Iraq’s Electricity Ministry plans to overcome the current shortfall in power generation capacity with comprehensive 20-year masterplan that includes an independent power project (IPP) programme and engineering, procurement and construction (EPC) schemes.
The Energy Ministry and its advisers intend to conclude bid evaluations by March 2011
Iraq’s current demand for electricity is roughly double that of installed capacity and this gap is widening. Demand is growing six times as fast as capacity. Industry takes priority for electricity access which leaves the population with few hours of electricity every day.
The government commissioned the US’ Parsons Brinckerhoff to conduct a study and devise a master plan for the country’s electricity sector until 2030. The report is now complete and covers power generation capacity building, transmission and distribution.
According to the study, by 2030 power demand in Iraq will total 46GW in a high-end scenario, about 32GW in a base case and roughly 22GW in a low-end scenario. About $29bn of investment will be necessary between 2015 and 2030. Of this about $21.13bn is intended to be funded by international private investors.
Central to the government’s plan to mobilise the private sector is its IPP programme. The Energy Ministry has invited bids from power developers to build, finance and operate four new power plants across the country to provide 2,750MW of additional electricity generation capacity. Baghdad is offering four 25-year build-own-operate contracts to develop the gas-fired plants, which will use Frame 9E gas turbines supplied by the US’ GE.
The Energy Ministry and its advisers intend to conclude bid evaluations by March 2011, carry out negotiations with the bidders in April and May and reach financial close between July and September 2011.
The ambitious tender schedule has concerned many potential bidders. Also, the selected developers will be responsible for securing gas feedstock for the projects, which has acted as a further deterrent to international developers. Developers will also need to negotiate project-specific power purchase agreements (PPAs) and in the absence of relevant legislation, regulation will be by contract model.
Eight or nine companies are set to submit bids to develop the projects. However, these companies may or may not be sufficiently qualified to carry out the work. In a bid to speed up the IPP programme, the government opted to issue an RFP without a qualification stage.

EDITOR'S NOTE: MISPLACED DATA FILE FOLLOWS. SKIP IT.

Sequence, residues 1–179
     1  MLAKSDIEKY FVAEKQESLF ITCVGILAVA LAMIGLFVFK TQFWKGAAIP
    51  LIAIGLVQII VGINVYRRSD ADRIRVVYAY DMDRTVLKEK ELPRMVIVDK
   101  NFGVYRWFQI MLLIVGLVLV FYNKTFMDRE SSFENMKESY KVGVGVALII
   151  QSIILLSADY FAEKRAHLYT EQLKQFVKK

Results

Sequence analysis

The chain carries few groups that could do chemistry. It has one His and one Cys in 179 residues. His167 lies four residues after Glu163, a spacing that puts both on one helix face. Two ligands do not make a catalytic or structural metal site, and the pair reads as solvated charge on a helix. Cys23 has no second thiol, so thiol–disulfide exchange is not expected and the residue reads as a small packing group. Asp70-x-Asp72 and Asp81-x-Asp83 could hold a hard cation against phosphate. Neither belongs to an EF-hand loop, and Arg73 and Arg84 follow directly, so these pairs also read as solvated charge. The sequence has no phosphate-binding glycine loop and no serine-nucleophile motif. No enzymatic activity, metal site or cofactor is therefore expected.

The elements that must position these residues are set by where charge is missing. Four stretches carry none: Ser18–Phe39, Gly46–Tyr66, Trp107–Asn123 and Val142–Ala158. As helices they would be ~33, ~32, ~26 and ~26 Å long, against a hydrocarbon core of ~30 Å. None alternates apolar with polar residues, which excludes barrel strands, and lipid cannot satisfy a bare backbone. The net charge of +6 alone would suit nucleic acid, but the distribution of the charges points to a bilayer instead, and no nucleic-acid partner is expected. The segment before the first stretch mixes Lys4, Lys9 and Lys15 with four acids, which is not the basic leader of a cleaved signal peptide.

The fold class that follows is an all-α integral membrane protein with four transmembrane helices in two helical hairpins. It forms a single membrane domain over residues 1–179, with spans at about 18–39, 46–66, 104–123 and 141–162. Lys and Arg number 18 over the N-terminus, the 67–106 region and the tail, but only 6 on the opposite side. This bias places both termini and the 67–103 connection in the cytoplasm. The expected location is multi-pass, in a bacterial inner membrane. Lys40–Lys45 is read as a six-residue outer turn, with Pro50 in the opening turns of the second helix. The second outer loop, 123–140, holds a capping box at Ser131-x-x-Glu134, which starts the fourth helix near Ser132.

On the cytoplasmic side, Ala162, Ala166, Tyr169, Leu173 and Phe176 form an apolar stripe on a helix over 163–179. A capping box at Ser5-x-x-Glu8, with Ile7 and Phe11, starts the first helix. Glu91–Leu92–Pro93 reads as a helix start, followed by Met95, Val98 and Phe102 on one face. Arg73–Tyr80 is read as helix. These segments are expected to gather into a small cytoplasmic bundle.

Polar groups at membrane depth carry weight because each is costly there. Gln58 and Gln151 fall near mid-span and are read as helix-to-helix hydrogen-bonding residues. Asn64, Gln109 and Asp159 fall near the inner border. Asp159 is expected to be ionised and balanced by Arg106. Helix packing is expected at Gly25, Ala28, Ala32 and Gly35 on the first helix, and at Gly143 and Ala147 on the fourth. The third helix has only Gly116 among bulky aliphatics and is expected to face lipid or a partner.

Iraq’s IPP plan has evolved many times since its launch. The original scheme comprised eight projects. In July 2010, a bidders’ conference for developers was converted to a workshop and the eight IPPs were reduced to five projects. This was then reduced again in September to four projects.
Iraq is also signing several EPC contracts for new power plants across the country. The ministry recently signed such a contract for a 1,250MW power plant at Al-Khayrat. Turkey’s Calik Enerji has been selected to construct the natural gas-fired project at Al-Khyrat located in Karbala province. The power plant will comprise 10 GE turbines of 125MW capacity each.
An EPC contract for a 500MW power project at Qudas in Baghdad province is expected to be signed soon. Calik Enerji and another Turkish company Eastern Lights Energy are competing for the contract. The Qudas project will comprise four 125MW turbines.
Germany’s Siemens is expected to sign EPC agreements with the ministry to build a 1,300MW project at Al-Roumila in Basra province.
Due to the current heavy focus on simple cycle gas turbine generators as a result of the turbine megadeals signed with GE and Siemens in 2009, Iraq’s master plan states that the next phase of projects should be exclusively combined cycle projects. After 2024, the master plan states that a combination of projects should be developed.
In the 2015-2030 period, the master plan recommends the development of 10x simple cycle gas turbines, 29x 600MW combined cycle turbines, 28x 282MW combined cycle turbines, 2x 600MW combined cycle turbines and 6x 355MW combined cycle conversion. Finally, a 27MW hydropower project is planned at Adhaim.
Currently, only 26 per cent of electricity generation uses natural gas. According to the master plan, Iraq should adjust its energy mix to include more gas-fired generation. To achieve this, the master plan asserts that Iraq should run some of its existing crude-oil fired power projects on other fuels.